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I Green function in electrostatics

  1. Apr 2, 2016 #1
    Hello,
    I'm taking a course in electrostatics and electrodynamics.

    We learned about finding a potentional using unique Green functions that are dependent of the geometry of the problem. Specificly on a Dirichlet problem we get the solution:

    Φ(x)=∫ρ(x')G(x,x')d3x' - (1/4π)*∫Φ(x')*(∂G(x,x')/∂n')da'


    I understand the idea of the Green function, but don't understand why on the second integral (surface integral) there is a use of the partial deriviative of G. Can anyone give me some intuition about it?
     
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  3. Apr 2, 2016 #2

    vanhees71

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    The idea of the Green's function is based on Green's integral theorem, which is an application of Gauss's theorem,
    $$\int_{V} \mathrm{d}^3 \vec{x}' \vec{\nabla}' \cdot \vec{A}(\vec{x}')=\int_{\partial V} \mathrm{d}^2 \vec{f} \cdot \vec{A}(\vec{x}'),$$
    where ##V## is some volume and ##\partial V## its boundary surface. The orientation of the surface-normal vectors is out of the volume.

    Now set
    $$\vec{A}(\vec{x}')=G(\vec{x},\vec{x}') \vec{\nabla}' \Phi(\vec{x}')-\Phi(\vec{x}')\vec{\nabla}' G(\vec{x},\vec{x}')$$
    Then
    $$\vec{\nabla}' \cdot \vec{A}(\vec{x}')=G(\vec{x},\vec{x}') \Delta' \Phi(\vec{x}') - \Phi(\vec{x}') \Delta' G(\vec{x},\vec{x}').$$
    If the Green's function now satisfies
    $$\Delta' G(\vec{x},\vec{x}')=-4 \pi \delta^{(3)}(\vec{x}-\vec{x}')$$
    and if ##\Phi## fulfills (Gauss units)
    $$\Delta' \Phi(\vec{x}')=-4 \pi \rho(\vec{x}')$$
    you have
    $$\vec{\nabla}' \cdot \vec{A}(\vec{x}')=-4 \pi G(\vec{x},\vec{x}') \rho(\vec{x}') + 4 \pi \Phi(\vec{x}') \delta^{(3)}(\vec{x},\vec{x}').$$
    Now integrate this over the volume ##V##, you get for ##\vec{x} \in V##
    $$\int_V \mathrm{d}^3 \vec{x}' \vec{\nabla}' \cdot \vec{A}(\vec{x}') = -4 \pi \int_V \mathrm{d}^3 \vec{x}' G(\vec{x},\vec{x}') \rho(\vec{x}')+4 \pi \Phi(\vec{x}).$$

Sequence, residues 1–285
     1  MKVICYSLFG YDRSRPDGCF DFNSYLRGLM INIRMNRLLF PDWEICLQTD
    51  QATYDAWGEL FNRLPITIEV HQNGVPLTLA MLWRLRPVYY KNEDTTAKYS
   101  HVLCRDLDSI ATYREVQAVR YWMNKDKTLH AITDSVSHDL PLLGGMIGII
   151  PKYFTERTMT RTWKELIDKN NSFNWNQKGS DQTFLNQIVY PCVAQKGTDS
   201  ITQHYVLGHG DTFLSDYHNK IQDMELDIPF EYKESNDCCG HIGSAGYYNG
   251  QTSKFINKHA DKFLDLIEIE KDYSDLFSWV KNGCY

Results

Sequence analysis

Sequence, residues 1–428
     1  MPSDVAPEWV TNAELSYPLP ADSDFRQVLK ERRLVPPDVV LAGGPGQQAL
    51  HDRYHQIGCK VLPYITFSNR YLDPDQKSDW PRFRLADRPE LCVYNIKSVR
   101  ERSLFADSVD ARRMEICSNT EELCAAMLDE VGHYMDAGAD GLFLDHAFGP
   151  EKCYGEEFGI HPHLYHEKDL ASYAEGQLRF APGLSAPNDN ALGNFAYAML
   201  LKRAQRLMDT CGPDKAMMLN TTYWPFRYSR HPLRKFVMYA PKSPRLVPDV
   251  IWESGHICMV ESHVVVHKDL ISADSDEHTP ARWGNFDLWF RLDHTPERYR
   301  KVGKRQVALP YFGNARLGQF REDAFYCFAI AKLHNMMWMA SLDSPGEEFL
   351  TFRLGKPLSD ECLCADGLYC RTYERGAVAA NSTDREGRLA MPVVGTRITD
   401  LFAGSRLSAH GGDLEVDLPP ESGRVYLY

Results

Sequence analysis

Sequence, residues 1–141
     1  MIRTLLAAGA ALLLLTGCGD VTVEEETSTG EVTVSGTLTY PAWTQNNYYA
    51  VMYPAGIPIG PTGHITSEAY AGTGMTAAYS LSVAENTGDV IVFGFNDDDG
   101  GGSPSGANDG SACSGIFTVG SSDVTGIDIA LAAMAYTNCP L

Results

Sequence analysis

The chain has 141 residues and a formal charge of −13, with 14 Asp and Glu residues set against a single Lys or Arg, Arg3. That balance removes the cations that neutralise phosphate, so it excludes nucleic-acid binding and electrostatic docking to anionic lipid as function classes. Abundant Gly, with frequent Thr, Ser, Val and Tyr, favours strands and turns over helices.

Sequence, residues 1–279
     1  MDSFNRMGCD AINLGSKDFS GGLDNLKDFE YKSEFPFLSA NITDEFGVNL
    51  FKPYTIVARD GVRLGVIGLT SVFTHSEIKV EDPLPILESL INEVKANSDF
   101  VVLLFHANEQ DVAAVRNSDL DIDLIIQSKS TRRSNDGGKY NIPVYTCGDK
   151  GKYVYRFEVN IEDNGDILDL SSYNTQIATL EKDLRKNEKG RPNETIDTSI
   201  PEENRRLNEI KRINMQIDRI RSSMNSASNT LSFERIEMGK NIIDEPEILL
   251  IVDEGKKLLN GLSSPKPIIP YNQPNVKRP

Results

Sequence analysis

According to Gauss's Law, this equals the surface integral
    $$-4 \pi \int_V \mathrm{d}^3 \vec{x}' G(\vec{x},\vec{x}') \rho(\vec{x}')+4 \pi \Phi(\vec{x})=\int_{\partial V} \mathrm{d}^2 \vec{f}' \cdot \vec{A}(\vec{x}') = \int_{\partial V} \mathrm{d}^2 \vec{f}' \cdot [G(\vec{x},\vec{x}') \vec{\nabla}' \Phi(\vec{x}')-\Phi(\vec{x}')\vec{\nabla}' G(\vec{x},\vec{x}')].$$
    By definition the Dirichlet problem means that you know ##\Phi(\vec{x}')## for ##\vec{x}' \in \partial V## but nothing about derivatives of ##\Phi## along the surface. Thus you define the Green's function such that it has to fulfill the boundary condition
    $$G(\vec{x},\vec{x}')|_{\vec{x}' \in \partial V}=0,$$
    then you get
    $$4 \pi \Phi(\vec{x})=4 \pi \int_V \mathrm{d}^3 \vec{x}' G(\vec{x},\vec{x}') \rho(\vec{x}')-\int_{\partial V} \mathrm{d}^2 \vec{f}' \cdot \Phi(\vec{x}') \vec{\nabla}' G(\vec{x},\vec{x}').$$
    Since further ##\mathrm{d}^2 \vec{f}' =\vec{n} \mathrm{d}^2 a##, dividing by ##4 \pi## gives your formula.
     
  4. Apr 2, 2016 #3
    vanhees71
    thank you for the explenation.
    I understand the mathematics of it and how to derive it.
    What I don't understand is the physical intuition behind the derivietive of G on the surface integral.
    G on the volume integral means (as far as I understood) summing up the impulse response of 1 charge at x, for all the volume V, witch makes good sense.
    But the surface integral says: sum up the (known) potential product with the deriviative of G in direction of the normal to S. What is the physical meaning of this?
     
  5. Apr 3, 2016 #4

    vanhees71

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    The Green's function, seen as a field ##\Phi(\vec{x})=G(\vec{x},\vec{x}')## is the solution for the situation that you have a point charge of charge ##q=1## in ##\vec{x}'## and a grounded conducting surface ##\partial V##, because it's 0 along this surface. Physically the charges within the conducting surface rearrange due to the presence of the unit charge at ##\vec{x}'## such as to fulfill this boundary condition, and thus in addition to this unit charge you have a surface charge distribution along the surface, and this surface charge distribution is given by the normal component of the electric field along the surface, but the field is the gradient of ##G##, and the contribution of this surface charge thus makes the term with the surface integral in Green's formula.
     
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